I am a parent. I have a 9-month-old daughter whom I love very much. I've cared for her, fed her, changed her diapers and spent many nights awake trying to soothe her. Becoming a parent has been a wild ride, full of new adventures every day.
Yet, according to my siblings, parents, family, friends and random strangers on the street, I'm not a parent. My profoundly personal experience is null and void because my experiences aren't exactly like theirs.
You've probably been told you're not a parent also. Heck, you might have told other people they aren't parents. All because of this quasi-tradition of saying to new parents, "You're not a parent until ... "
Some of the most memorable you're-not-a-parent-until stories I've heard include catching your child's vomit with your bare hands, leaving a child in the car on accident, having to sift through your child's poop looking for loose change he swallowed and having to wrap your child in a towel because she had a massive diaper blowout and there are no clean clothes.
People use these statements as ways to share experiences, but the statement that precedes them is insulting. It pushes that being a parent depends on a single event and that you're not a parent until you have experienced a profoundly distressing, gross or irresponsible moment.
Imagine if you were a painter working on a beautiful piece of art and looking for some well-deserved praise from more experienced artists. Yet, instead of praise or helpful advice, you get somebody who says, "You're not a real painter until you make a stick figure with watercolors." It's not helpful at all, and it's quite insulting.
When I became a parent
Becoming a parent is very personal and not something that should be trivialized. In all honesty, when you ask somebody to describe the moment he or she became a parent, it usually is a very emotional story. For my wife, the moment she became a parent was when we got that positive pregnancy test. For me, it was when my wife was diagnosed with cholestasis, and the doctor explained that our unborn child was at risk. At that moment, I would have done anything and everything to make sure my daughter was born healthy.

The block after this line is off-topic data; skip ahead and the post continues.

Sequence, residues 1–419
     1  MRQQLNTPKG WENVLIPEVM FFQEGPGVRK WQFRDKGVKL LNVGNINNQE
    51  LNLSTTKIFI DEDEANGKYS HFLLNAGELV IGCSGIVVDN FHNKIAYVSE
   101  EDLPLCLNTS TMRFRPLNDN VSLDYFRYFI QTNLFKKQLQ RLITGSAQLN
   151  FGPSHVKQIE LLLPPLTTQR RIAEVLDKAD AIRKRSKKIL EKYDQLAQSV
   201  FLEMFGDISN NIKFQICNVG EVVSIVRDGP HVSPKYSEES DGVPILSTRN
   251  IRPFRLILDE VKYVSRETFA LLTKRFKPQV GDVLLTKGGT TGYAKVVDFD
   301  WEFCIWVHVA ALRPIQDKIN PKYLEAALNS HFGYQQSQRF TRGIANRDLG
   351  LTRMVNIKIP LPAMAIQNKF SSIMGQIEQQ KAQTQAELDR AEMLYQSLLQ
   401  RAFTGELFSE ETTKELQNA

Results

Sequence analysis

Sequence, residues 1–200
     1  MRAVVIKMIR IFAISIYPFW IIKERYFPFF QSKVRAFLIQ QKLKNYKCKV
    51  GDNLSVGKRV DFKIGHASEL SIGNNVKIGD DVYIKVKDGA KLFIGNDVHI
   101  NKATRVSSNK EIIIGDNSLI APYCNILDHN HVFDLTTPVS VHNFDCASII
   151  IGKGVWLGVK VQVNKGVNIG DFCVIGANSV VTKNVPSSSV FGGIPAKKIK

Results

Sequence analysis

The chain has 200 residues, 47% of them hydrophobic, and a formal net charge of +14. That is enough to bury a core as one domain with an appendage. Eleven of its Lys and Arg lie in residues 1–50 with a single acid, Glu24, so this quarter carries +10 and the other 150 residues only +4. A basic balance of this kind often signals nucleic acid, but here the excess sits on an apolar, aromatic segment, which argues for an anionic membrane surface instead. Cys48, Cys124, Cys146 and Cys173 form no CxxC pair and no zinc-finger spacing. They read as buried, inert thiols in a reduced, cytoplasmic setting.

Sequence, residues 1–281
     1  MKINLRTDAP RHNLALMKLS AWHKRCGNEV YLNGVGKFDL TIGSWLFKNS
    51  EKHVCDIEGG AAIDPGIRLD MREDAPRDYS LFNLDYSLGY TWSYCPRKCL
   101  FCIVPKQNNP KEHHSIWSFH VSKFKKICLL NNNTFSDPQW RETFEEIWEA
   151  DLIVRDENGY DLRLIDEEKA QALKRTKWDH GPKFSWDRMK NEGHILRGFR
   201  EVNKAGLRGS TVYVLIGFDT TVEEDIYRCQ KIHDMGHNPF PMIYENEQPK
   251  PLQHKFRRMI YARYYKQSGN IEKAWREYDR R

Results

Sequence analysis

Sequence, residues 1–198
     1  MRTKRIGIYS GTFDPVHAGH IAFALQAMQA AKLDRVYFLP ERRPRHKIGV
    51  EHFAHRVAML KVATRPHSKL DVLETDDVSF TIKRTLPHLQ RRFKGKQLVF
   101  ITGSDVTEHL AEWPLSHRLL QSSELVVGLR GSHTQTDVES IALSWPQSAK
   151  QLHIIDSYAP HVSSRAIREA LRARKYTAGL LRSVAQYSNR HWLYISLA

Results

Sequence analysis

In my opinion, what makes someone a parent is a willingness to sacrifice everything for his or her child. It's placing the needs of the child before yourself. It's caring for another human life before you care for yourself.
So, that's why, when people tell me I'm not a parent because I haven't had a particular experience, I get angry. I understand they don't mean to offend me and it's not like they're harassing me on purpose. What makes me angry is that this practice celebrates bad parenting while trivializing that important moment of becoming a parent.
How this tradition isn't helping the world
Most you're-not-a-parent-until stories highlight a mistake or crazy incident in the person's life. These stories rarely condemn a mistake but instead celebrate it, claiming it as a part of "becoming a parent." Yet, that's the opposite of what we should want. We should want new parents to learn from the mistakes of the past, not repeat them. Repeating mistakes is the path to poor parenting, showing you aren't learning and evolving for your children.
We don't need more bad parents. There are plenty of those in the world already. It's actually pretty sad that we need social workers to protect children from their own parents. We, as a society, need to prevent these type of situations and support parents whom may be struggling. We need to discourage being bad parents and start focusing on helping parents become better.
New parents don't need to hear it's okay to be a bad parent. Being a parent is hard, and people encouraging us to be selfish is harmful. We need uplifting stories of getting children to sleep through the night, how parenthood is so fulfilling and general encouragement on how we are doing a good job. We want real advice and gentle guidance when we do make mistakes, not people comparing those mistakes to ones they made and telling us it's all okay.
What to do instead
This tradition is one that needs to stop. It's one of those things that people do because it happened to them when they were new parents. It's no different from hazing the new freshmen or giving the new kid at school a hard time.
So, the next time you feel the need to say something starting with, "You're not a parent until," stop and think. Will this story actually help new parents? If the answer is no, then don't share it. Instead, compliment their baby and their parenting skills. Give helpful advice from your personal experience. Talk about things people normally don't give advice about, or even ask what they are struggling with and address some issues there. Help other parents become better and feel more comfortable being new parents.